Localisation initiatives in Indian languages
IndLinux: The earliest localisation initiatives in India were from IndLinux, a Free Software group. IndLinux was started by Prakash Advani and Venkatesh Hariharan in December 1999 as a portal. Linux Bangalore/2001 was the first event when Indian Free Software groups got together to share developments on localisation. At Linux/Bangalore 2002, GNOME in Hindi was demonstrated. Various teams working with other Indian languages contributed to other language versions of GNOME, which resulted in the release of Rangoli 1.0 beta in 2005, supporting several languages. Other teams brought out language-specific Linux distributions around the same time. The language support became part of mainstream distributions like Fedora, Debian and Ubuntu over the years. When Ubuntu 11.04 was released on April 28, 2011, it included boot-time local support for the following Indian languages apart from English: Bengali, Gujarati, Hindi, Kannada, Malayalam, Marathi, Nepali, Tamil and Telugu.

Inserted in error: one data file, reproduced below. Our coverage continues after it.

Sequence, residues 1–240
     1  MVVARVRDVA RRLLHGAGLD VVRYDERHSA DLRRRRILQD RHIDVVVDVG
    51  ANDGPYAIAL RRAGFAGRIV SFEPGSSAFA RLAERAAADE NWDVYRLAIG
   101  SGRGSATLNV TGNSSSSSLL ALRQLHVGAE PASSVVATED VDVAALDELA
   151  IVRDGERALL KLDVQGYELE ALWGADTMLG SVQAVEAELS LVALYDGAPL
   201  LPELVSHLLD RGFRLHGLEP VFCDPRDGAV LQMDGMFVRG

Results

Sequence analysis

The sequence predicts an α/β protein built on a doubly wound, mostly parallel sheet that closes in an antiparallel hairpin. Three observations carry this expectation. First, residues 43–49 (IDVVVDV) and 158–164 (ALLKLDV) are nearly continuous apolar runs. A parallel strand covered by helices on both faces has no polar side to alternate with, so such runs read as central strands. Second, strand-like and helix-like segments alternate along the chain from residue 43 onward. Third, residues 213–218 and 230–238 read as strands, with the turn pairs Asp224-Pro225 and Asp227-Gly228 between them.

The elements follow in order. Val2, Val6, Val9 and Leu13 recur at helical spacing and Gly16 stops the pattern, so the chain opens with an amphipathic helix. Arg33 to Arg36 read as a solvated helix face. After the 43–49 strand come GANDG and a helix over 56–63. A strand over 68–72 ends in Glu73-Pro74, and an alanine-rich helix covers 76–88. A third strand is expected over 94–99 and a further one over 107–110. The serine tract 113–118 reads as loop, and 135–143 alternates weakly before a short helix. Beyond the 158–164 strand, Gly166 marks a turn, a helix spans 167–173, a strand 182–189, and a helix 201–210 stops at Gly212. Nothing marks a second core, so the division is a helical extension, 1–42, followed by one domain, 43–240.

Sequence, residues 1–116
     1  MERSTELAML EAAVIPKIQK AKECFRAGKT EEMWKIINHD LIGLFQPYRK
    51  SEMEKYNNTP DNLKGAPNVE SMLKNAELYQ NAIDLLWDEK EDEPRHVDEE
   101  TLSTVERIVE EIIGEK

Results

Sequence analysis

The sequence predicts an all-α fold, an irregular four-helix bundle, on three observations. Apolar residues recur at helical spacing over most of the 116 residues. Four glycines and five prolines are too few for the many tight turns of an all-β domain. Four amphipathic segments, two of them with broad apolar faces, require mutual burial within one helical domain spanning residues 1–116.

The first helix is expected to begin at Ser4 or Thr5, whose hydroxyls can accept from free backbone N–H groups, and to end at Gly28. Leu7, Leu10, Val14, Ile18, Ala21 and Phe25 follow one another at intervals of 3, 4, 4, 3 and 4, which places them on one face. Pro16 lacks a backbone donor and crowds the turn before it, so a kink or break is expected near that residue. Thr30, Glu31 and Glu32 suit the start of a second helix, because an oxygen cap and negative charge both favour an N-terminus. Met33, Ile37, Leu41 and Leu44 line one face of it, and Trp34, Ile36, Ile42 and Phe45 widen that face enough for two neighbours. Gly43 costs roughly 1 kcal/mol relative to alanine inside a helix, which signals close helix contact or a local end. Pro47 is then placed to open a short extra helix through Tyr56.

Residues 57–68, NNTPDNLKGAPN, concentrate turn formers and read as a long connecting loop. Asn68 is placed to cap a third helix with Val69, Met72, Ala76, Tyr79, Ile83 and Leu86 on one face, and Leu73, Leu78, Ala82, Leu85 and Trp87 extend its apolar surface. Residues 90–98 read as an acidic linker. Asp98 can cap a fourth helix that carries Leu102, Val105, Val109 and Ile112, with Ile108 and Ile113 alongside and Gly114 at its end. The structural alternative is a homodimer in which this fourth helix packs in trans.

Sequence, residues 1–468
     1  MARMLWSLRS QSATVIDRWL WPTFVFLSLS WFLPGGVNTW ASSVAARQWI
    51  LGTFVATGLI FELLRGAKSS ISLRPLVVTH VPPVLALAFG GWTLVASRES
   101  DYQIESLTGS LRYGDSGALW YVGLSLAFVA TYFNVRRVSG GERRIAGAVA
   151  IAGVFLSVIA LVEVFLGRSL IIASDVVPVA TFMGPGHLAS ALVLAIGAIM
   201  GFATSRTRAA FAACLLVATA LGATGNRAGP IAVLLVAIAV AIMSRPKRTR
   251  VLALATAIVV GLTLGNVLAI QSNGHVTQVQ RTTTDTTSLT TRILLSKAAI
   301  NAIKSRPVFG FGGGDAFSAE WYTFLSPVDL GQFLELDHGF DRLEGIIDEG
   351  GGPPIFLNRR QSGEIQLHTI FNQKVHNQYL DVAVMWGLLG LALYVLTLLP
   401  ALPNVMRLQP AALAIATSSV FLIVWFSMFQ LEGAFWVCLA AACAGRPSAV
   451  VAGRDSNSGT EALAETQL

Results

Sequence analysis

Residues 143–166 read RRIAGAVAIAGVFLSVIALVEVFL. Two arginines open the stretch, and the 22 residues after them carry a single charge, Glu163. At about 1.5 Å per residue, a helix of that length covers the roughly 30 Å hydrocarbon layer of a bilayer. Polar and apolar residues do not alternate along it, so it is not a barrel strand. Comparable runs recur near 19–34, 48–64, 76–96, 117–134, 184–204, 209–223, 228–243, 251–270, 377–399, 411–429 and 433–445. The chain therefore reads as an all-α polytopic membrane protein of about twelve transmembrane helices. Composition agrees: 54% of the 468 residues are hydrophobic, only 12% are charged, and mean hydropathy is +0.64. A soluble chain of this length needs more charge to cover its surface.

FUEL: Frequently Used Entries for Localisation (FUEL) was initiated by Rajesh Ranjan to improve the quality of localisation, by standardising the translations for most common words or phrases. Twelve languages have been part of the initiative.
Microsoft’s initiative: Windows 7 has been released with support for 95 languages. For Indian languages, Microsoft has a language portal called BhashaIndia, through which it enables users of its products to participate in localisation.
Through this series of articles, I aim to provide information on various localisation platforms and tools, which can help readers to become active contributors in improving the language support for their preferred languages. I would appreciate your feedback at arjunaraoc_at_ieee.org.